A taste of appalachia molley chomper hard cider our state magazine

Located inside a remodeled schoolhouse, the Molly Chomper cidery is a welcome addition to Lansing, a quiet town of just 158 residents tucked in the Blue Ridge Mountains. If it weren’t for Molley Chomper, locals like Everett and Jenny would go to the neighboring town of West Jefferson, about 15 minutes away. “In Lansing, there’s not a whole lot,” Everett says. “[Molley Chomper] is a nice, short getaway [for us], but there are people who come from all over.”

Four miles down the road from the cidery, Bent Apple Farm is a place of growth. Robert and James, the Arscotts’ sons, have made the orchard behind their red farmhouse their outdoor escape, Kate says, pointing to a stray red wagon and toys strewn about the yard.

Beyond the fence, 1,000 apple trees grow on 80 acres of hilly countryside. Chickens munch the weeds growing around one lot of trees, and Milo, the Arscotts’ German shepherd puppy, taunts the plump black-and-white cat that has made the farm its home. Kate laughs at Milo and glances out at the fields, smiling at her handiwork.

Eight years ago, Kate and Tim decided that they were tired of suburban life in Decatur, Georgia, so they went hunting for a new home that would meet all of their requirements: somewhere in North Carolina, near family and fly-fishing, that would give them the opportunity to build a business. When they discovered property with apple trees in Lansing, they settled in, planted more trees, and set their sights on cider. They named their business after the fictional apple-chomping goat they once dreamed of having — before realizing that goats would eat all of their apples.

At first, they focused on growing rare varieties of apples historically used for making cider in England and France. They took classes through Cornell and Washington State University extension programs to master the chemistry side of the process. Since then, they’ve gone from making cider in carboy jugs in the back bedroom of their house to producing 30,000 bottles of cider for more than 30 locations across the state, and now across the country. Kate feels as though she and Tim have “learned how to make yeast happy,” she says. “We can make something delicious with a mishmash of heirloom apples from the back hill.”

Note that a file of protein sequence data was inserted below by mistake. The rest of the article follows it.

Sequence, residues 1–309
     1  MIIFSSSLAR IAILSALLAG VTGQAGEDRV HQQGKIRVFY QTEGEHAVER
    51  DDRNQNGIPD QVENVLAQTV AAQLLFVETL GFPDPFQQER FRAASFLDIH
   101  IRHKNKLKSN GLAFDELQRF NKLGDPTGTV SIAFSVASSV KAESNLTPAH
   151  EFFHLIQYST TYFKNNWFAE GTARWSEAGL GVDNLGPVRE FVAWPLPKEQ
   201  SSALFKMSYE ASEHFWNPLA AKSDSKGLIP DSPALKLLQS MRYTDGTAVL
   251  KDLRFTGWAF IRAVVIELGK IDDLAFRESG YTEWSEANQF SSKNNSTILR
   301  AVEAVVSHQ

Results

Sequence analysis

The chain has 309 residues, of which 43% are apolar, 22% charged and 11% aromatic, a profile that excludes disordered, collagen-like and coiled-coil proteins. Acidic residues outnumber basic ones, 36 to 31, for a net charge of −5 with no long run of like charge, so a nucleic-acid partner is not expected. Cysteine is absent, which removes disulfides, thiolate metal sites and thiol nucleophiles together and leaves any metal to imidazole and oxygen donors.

Molley Chomper cider is made with fruit from Bent Apple Farm and other local or regional organic growers who have the same passion and care for produce as the Arscotts. Today, about half of what the farm grows are local heirloom varieties, and no two apples are quite the same. Following nature’s lead, the Arscotts approach making hard cider with calculated but creative intention: They want every glass to taste as multifaceted as the fruit it came from.

Connie and Johnnie Rogers have made the drive to Molley Chomper from West Jefferson many times for Kate and Tim’s cider. Today, they gather around a table on the cidery’s patio to celebrate Connie’s dad’s 81st birthday. “I like the people,” Connie says. “Seeing how they make it and why they make it — it puts together all those things that say ‘North Carolina’ to me.”